Sure, Emma Stone can give you longing. But isn’t it more fun to plan a little instead?
Since winning the Oscar four years ago for the winning romantic musical “La La Land”, 32-year-old Stone has been interested in walks on the wild side. “The Favorite” has proven it can play stinginess as brightly as innocence, and now Stone’s nascent penchant for villainy is getting a full-blown showcase in “Cruella,” which is a live-action genesis story for Disney’s animated enemy introduces “101 Dalmatians.”
“I loved the character of Cruella – I don’t mean I love the things that drove her because she’s obviously a very sick woman, but I found the character very interesting,” said Stone.
In this tale, Cruella de Vil hasn’t become a puppy poacher: instead, we meet her as an orphan named Estella, whose rise to the top of the British fashion industry – ruled by a haughty designer named Baroness (Emma Thompson) – requires tapping into one dark alter ego she’s called Cruella.
The story overlaps in an unexpected way with Stone’s own genesis: To get ahead, Estella first dyes her hair red, like Stone, a natural blonde, once did to land her breakout role in “Superbad”. And Stone also treats her public role like an alter ego: “I divide up a bit – also because my name is actually Emily. When someone calls me Emma, it’s easy for me to know that it has to do with work. “
And while Stone avoids Cruella’s methods, she could at least relate to the character’s ambition: In Stone’s own genesis, she put together a PowerPoint presentation to convince her parents that she should work as a teenage actress in Los Angeles. Did her career even go the way she did back then?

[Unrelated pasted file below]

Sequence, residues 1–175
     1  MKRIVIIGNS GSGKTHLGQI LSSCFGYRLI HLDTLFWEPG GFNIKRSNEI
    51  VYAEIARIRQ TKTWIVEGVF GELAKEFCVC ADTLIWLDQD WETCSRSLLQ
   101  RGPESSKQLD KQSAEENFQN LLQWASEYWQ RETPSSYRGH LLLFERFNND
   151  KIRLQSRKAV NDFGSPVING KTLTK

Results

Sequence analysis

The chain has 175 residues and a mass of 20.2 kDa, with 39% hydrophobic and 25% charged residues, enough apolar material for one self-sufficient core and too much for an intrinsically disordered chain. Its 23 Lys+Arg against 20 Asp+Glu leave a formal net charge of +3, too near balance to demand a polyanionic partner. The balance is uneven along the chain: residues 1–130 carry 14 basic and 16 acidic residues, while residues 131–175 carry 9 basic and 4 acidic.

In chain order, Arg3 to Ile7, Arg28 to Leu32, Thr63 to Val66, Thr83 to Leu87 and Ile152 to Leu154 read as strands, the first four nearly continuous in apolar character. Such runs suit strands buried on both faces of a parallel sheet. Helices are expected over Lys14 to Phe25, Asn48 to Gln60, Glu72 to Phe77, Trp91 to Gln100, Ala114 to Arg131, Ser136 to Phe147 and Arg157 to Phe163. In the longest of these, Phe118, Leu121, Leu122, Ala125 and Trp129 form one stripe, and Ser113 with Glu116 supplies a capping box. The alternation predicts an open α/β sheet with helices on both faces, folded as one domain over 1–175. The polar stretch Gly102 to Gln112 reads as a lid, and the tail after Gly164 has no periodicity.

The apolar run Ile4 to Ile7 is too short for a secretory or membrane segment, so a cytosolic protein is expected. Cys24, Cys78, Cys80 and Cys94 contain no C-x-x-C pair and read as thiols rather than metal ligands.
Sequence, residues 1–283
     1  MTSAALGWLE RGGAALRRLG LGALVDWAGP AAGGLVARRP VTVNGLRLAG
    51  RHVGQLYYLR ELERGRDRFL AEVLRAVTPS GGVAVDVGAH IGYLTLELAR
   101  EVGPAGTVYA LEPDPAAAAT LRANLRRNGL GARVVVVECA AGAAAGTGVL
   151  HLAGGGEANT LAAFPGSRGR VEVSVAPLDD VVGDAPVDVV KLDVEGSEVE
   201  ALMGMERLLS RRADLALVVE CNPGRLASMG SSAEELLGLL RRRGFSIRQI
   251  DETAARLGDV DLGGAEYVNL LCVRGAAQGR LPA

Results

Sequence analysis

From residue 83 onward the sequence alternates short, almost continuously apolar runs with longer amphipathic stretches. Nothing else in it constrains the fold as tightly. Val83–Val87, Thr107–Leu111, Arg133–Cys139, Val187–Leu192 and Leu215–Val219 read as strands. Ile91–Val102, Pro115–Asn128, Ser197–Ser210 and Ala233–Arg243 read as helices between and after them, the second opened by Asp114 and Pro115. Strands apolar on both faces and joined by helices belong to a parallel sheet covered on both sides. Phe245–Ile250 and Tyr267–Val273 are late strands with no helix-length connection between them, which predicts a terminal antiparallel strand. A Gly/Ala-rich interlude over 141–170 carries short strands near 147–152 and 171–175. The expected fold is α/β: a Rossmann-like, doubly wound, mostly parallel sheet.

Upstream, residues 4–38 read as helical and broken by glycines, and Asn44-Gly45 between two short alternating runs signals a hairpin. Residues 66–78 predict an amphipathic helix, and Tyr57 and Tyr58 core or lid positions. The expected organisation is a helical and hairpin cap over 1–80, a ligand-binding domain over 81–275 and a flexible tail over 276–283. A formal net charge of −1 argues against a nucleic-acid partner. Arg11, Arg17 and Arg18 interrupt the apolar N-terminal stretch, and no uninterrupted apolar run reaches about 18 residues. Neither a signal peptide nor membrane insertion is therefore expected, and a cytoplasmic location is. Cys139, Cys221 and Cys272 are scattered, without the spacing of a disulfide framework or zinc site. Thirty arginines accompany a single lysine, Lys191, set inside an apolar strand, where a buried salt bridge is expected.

“Oh my god, I would never have imagined or dared to think of such a situation,” she told me on a recent phone call. “I just wanted to play the daughter in a sitcom!”
These are edited excerpts from our conversation.
You were associated with “Cruella” for several years. What attracted you to this project for the first time?
I was just about to shoot “La La Land” when I first heard about “Cruella” and it was so exciting to think about playing an unquoted villain because I had the only role in that before I felt kind of bad playing Sally Bowles on Cabaret [on Broadway]because she’s a drug addict and makes decisions that are kind of wild. She’s not like someone I’ve ever accessed before.
That was really exciting and I’ve since played other roles like “Maniac” and “The Favorite” where these people knew what they wanted and they weren’t pretty about it. I really loved that phase of playing these women who care much less about what people think of them and at the same time worked on it myself in my life. It was definitely a nice symbiotic relationship.
In the way Cruella plans her rise from a low scrubbing position, she reminded me of Abigail, the polite 18th-century courtier you played in.The favourite. ”
Absolutely, but I think Abigail has something interesting that Cruella doesn’t quite have, which is that Abigail has this spell offensive: she’s playing the Ingénue in a way. I don’t see that in Cruella and there is something so liberating about it. Cruella is just who she is and she’s mad that she denied it for so long to survive.
Have you ever felt pressured to play the Ingénue in your own life?